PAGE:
Subcommittee on Immigration, Border Security, and Claims
Oversight hearing on
How Illegal Immigration Impacts Constituencies: Perspectives from Members of Congress (Part III)
November 17, 2005
Testimony of Congressman John R. Carter (TX-31)
Good afternoon, Mr. Chairman and subcommittee members. Thank you for giving me the opportunity to testify before this committee. Illegal immigration is undoubtedly the most important issue Texas currently faces. As millions of illegal aliens stream across the Rio Grande into Texas and the United States, our criminal justice, healthcare, welfare, and education systems (to name a few) are negatively impacted. The American taxpayer is picking up the bill for unauthorized immigrants visiting emergency rooms, schooling their children, and being incarcerated.
It is estimated that in 2000, there were more than one million illegal immigrants living in Texas. That was about five percent of the state population. Texans spend more than $4 billion annually on education for illegal immigrant children and their U.S.-born siblings. About 12 percent of Texas school children in K-12 are children of illegal aliens. Texas' healthcare expenditures for illegal aliens are more than $520 million per year. And the uncompensated cost of incarcerating illegal aliens is more than $150 million each year. These costs relate to about $725 per legal household.
Other costs to Texas and American taxpayers are those associated with English proficiency programs, damages and injuries caused during border crossings, low-income housing subsidies, and unpaid taxes. Many legal workers are displaced by unauthorized immigrants willing to work for lower wages. The United State's education system is regularly criticized for being inferior to those of other nations. Just think what we could do with the billions of dollars we are spending on illegal immigrants and their children - raise teachers salaries, more education-related programs, more school vouchers, to name a few.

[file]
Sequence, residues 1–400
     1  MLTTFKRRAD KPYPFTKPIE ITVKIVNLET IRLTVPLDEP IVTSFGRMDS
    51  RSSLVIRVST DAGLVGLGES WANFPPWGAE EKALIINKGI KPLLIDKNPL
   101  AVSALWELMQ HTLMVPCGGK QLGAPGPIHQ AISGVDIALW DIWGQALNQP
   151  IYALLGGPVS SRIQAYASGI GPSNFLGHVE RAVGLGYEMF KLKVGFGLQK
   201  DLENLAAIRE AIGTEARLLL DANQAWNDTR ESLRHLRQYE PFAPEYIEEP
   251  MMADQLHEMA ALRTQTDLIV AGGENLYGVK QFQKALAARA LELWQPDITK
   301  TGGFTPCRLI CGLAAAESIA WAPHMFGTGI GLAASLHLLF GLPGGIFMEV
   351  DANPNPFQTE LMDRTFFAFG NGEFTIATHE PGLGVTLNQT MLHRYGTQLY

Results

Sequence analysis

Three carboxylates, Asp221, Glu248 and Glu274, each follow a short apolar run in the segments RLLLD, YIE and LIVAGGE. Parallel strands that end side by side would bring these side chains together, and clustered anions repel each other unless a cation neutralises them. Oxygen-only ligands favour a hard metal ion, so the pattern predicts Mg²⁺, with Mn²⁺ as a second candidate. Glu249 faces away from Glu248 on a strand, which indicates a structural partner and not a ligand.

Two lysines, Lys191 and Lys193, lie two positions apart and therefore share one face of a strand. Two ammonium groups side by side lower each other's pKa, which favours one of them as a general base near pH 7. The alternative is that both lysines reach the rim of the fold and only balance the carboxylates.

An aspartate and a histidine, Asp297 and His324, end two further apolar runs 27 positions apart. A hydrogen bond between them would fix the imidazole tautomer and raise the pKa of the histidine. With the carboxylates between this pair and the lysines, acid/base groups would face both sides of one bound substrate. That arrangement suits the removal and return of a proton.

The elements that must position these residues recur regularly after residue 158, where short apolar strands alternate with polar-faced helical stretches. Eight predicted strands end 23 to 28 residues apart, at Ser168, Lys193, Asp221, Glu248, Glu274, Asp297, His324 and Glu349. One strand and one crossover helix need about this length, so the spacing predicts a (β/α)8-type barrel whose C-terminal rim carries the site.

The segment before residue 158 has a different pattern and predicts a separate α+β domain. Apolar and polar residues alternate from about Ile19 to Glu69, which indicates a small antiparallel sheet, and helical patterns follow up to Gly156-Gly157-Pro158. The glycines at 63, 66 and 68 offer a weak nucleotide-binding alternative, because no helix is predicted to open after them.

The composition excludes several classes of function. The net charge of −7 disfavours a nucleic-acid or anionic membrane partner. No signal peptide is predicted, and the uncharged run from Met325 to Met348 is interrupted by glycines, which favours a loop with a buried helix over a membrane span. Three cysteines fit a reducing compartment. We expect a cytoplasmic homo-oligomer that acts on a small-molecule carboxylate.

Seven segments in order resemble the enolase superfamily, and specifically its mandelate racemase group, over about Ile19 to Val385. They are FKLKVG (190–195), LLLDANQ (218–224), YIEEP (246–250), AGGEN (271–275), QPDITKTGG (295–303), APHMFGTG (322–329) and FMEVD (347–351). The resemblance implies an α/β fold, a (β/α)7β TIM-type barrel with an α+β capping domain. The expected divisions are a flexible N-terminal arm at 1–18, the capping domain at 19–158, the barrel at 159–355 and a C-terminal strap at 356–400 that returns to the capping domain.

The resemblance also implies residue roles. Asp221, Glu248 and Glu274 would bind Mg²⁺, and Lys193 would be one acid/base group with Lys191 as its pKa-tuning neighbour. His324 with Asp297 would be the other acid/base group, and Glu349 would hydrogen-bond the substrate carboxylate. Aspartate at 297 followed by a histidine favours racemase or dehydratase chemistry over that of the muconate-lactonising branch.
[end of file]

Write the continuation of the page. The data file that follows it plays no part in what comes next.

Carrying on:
All this does not even begin to discuss the intangible costs associated with drug running, arms smuggling, and violence spilling over from Mexico border towns. The Border Patrol reports that Texas has the highest seizure rate of cocaine and heroine of any other state. Now I know our Texas law enforcement officers are the best and that is one reason we have the highest seizure rate, but the other reason is that we have more drugs flowing into this country through the Texas border than anywhere else. The drug business is flourishing in Mexico because of the illegal trade with America. The Mexican side of the border is fast becoming a lawless war zone where cartels and gangs rule with martial law. This tragic development is too close to innocent American citizens and the violence is beginning to spread across the border.
I applaud the efforts of Congress to reform our immigration laws. I hope to see many strict policies included in this process, including tougher enforcement of our laws, stronger penalties to act as deterrents, and a comprehensive plan to plug the leak in our borders, including some sort of wall or fence.
It is conservatively projected that ICE needs a total of 40,000 beds to handle the mandatory detention needs. Typically the agency has an inventory 18-20,000 beds including its own facilities and those obtained through contracting with the private sector or state/local facilities. The severe shortage of detention capacity has resulted in a "catch and release" situation whereby 120,000 non-Mexican illegals apprehended by the Border Patrol were released into the general population last year alone. I am aware of detention capacity that exists in my district and around the country and as Congress moves forward with reform legislation, we should ensure that ICE has the funding necessary to utilize existing capacity and to obtain additional capacity as needed to meet the detention needs.
I am probably not telling this subcommittee anything it does not already know, so please let me elaborate with some specific stories from my district in central Texas